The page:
How Blooms the Chemist is tackling the growing problem of medical waste


Blooms the Chemist has partnered with recycling start-up Pharmacycle to tackle one of the most prevalent forms of  medical waste: blister packs. In conjunction with National Recycling Week this week, the pharmacy chain is putting new, co-branded recycling stations in over 100 Blooms locations, so customers can drop off used blister packs instead of sending them to landfill.  Pharmacycle will collect the bins once they are full and put them through its processing facilities, which will

will see the plastic reused into building products, and the aluminium repurposed into thermal energy storage boxes to be used in New South Wales. 

The bins will be a permanent addition to stores, and are part of a larger effort by Blooms to take responsibility for the pharmacy sector’s impact on the environment.

“We feel there is a definite need in the pharmacy industry to set some ambitious goals toward the environment,” Blooms the Chemist area manager and leader of its environmental working group Kimberly Baldassarre told Inside Retail. 

“We’ve had a look at what we can do to reduce our overall waste footprint, and one of the big things to come out of that was that there’s a demand from our community to be able to recycle their blister packs.

“We need to be able to provide medication for the community, but we also need to provide an opportunity for them to dispose of that packaging in a responsible way – and that’s why we reached out to Pharmacycle.”

According to Pharmacycle’s business development manager Jason Rijnbeek, the issue of blister pack waste was made far worse during the grips of the pandemic, with politicians urging Australians to use pain relief such as Panadol and Neurofen to curb the symptoms of a positive Covid-19 diagnosis. 

“We’ve definitely seen high consumption of medication out there, it’s actually blown our minds in terms of the volume of packaging that’s been put out there on the market and being utilised by the community,” Rijnbeek told Inside Retail.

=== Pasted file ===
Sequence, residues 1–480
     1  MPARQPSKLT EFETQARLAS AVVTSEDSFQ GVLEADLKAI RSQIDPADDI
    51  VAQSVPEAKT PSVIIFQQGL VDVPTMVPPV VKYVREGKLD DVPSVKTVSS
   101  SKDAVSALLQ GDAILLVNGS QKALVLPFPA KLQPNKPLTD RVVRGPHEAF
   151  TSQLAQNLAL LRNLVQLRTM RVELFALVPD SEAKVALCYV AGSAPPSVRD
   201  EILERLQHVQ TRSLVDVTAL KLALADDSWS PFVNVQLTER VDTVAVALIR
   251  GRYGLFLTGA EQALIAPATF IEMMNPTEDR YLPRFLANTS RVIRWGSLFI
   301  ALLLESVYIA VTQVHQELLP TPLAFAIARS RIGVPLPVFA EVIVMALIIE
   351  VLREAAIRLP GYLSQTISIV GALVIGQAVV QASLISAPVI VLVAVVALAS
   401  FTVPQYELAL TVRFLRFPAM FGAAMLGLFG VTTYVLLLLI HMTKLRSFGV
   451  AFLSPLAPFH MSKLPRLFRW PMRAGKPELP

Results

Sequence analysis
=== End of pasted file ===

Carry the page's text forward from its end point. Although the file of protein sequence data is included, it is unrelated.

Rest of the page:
“But you can’t recycle blister packs through the curbside recycling system. The only way to do that is to put it through specialised machinery that can separate the parts. We’ve developed that processing technology onshore in Australia, so we can do that separation ourselves, but it’s something that we want to do at scale.”

Scaling up, sustainably

Both businesses are planning on significantly scaling up their recycling efforts, with Blooms already offering programs to take back unwanted or unused medications in order to ensure they don’t contaminate the environment, and are disposed of properly.

“People might not be intentionally doing harm [by throwing medication away], but the knock-on effect can be quite significant,” Baldassarre said.

“Pharmacy is probably one of the industries that is a bit behind in the sense of its sustainability credentials,  and I think the challenge we all have is that we want to be confident that we [understand] all of the current situations so we can go forward and make some significant gains in areas that are of benefit to the environment.

“[Our sustainability initiatives] are still in their infancy, but we’re absolutely committed to ensuring that we’ve got some big outcomes – we want to make sure that we’re having a positive impact on our environment. We’re hoping that by starting with this big, national approach, we can spark some conversation and change in the industry.”

The plan for Pharmacycle is to get recycling bins into as many as 500 locations across Australia, in both rural and metropolitan areas, in an effort to make reducing medical waste as easy as possible, as wide-spread as possible, and to make its own operations more efficient.

“For us, Pharmacycle is an enabler for the industry. Pharmacies, suppliers, and manufacturers can jump on board, but so can hospitals. We want to create an environment where we are providing end-to-end solutions, not just a collection service,” said Rijnbeek.

“Blister packs are the start of that journey, but we’re also looking at optical products and inhalers as the next step.”


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